Some first impressions:
- It looks simpler
- It doesn't seem to have the many ways Festival Genius allowed people to search and sort for specific types of films, specific times, venues, or to create a variety of schedule formats.
- It's color coded films by genre.
- There are drop down windows that tell you more about each film including when and where it plays.
- There's information about who is attending.
- It's social media connected and interactive.
- It seems to have good mobile applications
On the actual website, you could click on any of the colored bars and get a drop down window with info about the film and when and where you can see it. But there's a lot of different colors and when you scroll down, you lose the legend that tells you what the colors mean.
|Click to enlarge and focus|
The print version looks like it allows you to see all the important information (but not the details about the film itself) all on one page. Actually, now that I look carefully at the print version - you can do lots of different sorting there. GET TO THE PRINT VERSION from the regular schedule - upper right. See pink circle in image below. Once you're in the print version, the sort boxes are in the upper right side.
|Click to enlarge and focus|
And there is a page with guides to personalizing the schedule.
From what I could figure out so far, I can pick films I want to see and it will set up a schedule, but I can't see some of the timing and location overlaps and conflicts before I pick a film. But maybe that's in there. I know I had to create some of these things myself - like all the features in competition over the week - but FG made it fairly easy to get the information.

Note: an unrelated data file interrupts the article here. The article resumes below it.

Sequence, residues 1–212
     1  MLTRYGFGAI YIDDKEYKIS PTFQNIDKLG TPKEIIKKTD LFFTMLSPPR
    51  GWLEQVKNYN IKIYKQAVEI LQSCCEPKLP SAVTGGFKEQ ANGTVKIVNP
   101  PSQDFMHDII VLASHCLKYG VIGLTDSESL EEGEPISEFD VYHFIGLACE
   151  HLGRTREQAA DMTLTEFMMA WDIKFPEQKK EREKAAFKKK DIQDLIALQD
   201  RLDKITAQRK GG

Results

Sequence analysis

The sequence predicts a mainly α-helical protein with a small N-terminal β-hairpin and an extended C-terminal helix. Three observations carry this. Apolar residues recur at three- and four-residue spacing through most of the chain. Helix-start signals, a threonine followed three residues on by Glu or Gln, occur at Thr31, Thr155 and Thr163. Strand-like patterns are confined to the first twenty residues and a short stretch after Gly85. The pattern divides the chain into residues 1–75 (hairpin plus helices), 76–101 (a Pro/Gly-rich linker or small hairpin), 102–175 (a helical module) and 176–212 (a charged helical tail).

I would note that I never registered for Festival Genius because it required more personal info about me than I wanted to give it. That wasn't a factor with SCHED.
There was nothing to tell me that people under 13 cannot register I registered.
"8. No Collection of Children's Personal Information.Our Services are intended for general audiences and commercial use and are not intended for and may not be used by children under the age of 13. We do not knowingly collect any personal information from children under the age of 13 and delete any information We believe to be in violation of this provision."
This clause from Your Data and Responsibilities gave me some pause.
"We need to be able to use your data to provide you with our Services and you are granting us a worldwide, irrevocable, non-exclusive, royalty-free license to use, reproduce, adapt, publish, translate and distribute Your Data in any existing or future media as we deem appropriate. You also grant to us the right to sub-license these rights."I'm not sure what this all might mean for me. I don't expect to be putting much information up there, but I'm guessing all the information that AIFF puts up now belongs to SCHED. This was the kind of legal language the Anchorage Daily News (now the Alaska Dispatch) used that scared me off as a blogger when they were reaching out to local bloggers. Why would I want to give them rights to use my materials like this? It seemed like a one way benefit.
And I'm hoping that posting the screen shot above from SCHED won't get me in trouble - I couldn't tell from the legal language. I'm assuming this is fair use since I'm sort of reviewing this software.
So, I like the colors, but I'm leery that getting the kinds of information that Festival Genius offered will be much harder. I haven't talked to anyone at the Festival about the change yet. I'm guessing this is a lot cheaper for them.
Given the ability to sort in the print version, I think this is going to be just fine.